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Subaltern Studies, Volume XI: Community, Gender and Violence

Authors (s): Partha Chatterjee (Editor) , Pradeep Jeganathan (Editor)
Format: Softcover
ISBN-13: 9788178240336
Pages: 347p., Glossary; Index; 22cm.
Pub. date: 01.01.2003, 2nd ed.
Publisher: Permanent Black
Language (s): English
Bagchee ID: BB10227
List price: US $ 23,00
Bagchee price: US $ 20,70
You save: (10.00%)
Member price: US $ 18,63 info

Overview for Subaltern Studies, Volume XI: Community, Gender and Violence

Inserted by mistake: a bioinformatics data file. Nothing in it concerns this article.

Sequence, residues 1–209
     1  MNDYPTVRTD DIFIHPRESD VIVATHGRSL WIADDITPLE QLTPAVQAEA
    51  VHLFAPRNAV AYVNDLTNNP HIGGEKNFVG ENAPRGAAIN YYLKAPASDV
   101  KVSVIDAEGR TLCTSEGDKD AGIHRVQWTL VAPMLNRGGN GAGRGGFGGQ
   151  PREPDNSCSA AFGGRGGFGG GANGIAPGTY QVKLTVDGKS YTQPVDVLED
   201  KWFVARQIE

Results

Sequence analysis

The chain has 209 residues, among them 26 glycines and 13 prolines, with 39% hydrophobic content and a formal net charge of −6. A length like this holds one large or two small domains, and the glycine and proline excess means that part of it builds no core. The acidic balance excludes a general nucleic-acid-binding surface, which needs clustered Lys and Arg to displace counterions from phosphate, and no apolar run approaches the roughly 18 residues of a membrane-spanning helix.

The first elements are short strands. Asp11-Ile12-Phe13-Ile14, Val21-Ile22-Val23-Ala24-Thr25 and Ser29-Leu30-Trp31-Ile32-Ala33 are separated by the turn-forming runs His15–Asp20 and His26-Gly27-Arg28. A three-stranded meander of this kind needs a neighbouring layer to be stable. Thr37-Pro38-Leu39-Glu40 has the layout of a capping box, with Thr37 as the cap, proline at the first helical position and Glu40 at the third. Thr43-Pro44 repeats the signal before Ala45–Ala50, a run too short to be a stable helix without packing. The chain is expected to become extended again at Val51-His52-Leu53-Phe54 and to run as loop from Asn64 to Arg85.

"In its early phase, Subaltern Studies dealt extensively with community and violence in the context of peasant uprisings. Once the problem of peasant involvement in the modern politics of the nation had been posed, complexities in that relationship began to emerge. A new dimension was introduced when the relationship between community, gender and national politics came to be taken seriously. The present volume confronts the whole range of new issues raised by the relations between community, gender and the politics of violence. One set of essays looks specifically at the question of ‘women and nation’, especially minorities. Qadri Ismail looks at the claims of Tamil nationalism in Sri Lanka from the standpoint of the Southern Tamil woman. Aamir Mufti looks at the familiar gendered figure of ‘nation as mother’ – but from the novel standpoint of the rejected minority, as the brutalized prostitute. Tejaswini Niranjana studies the ‘new woman’ in contemporary Indian cinema. Another set of essays looks at women and minorities in the context of the law. Flavia Agnes examines the colonial and nationalist histories of the Hindu law of marriage and women’s property. Nivedita Menon critically reviews the Indian debate over laws against sexual violence on women. David Scott discusses, with an eye to the Sri Lankan situation, the concept of minority rights within modern theories of citizenship. The issue of political violence is taken up by Satish Deshpande in his study of the imagined space within which the new Hindu ‘Right’ seeks to assert its dominance, and by Pradeep Jeganathan in his examination of violence in the everyday cultivation of masculinity. In her summation of the issues raised by the volume as a whole, Gayatri Chakravorty Spivak considers the position of the ‘new Subaltern’—the third world labouring woman—within a globalized economic space."
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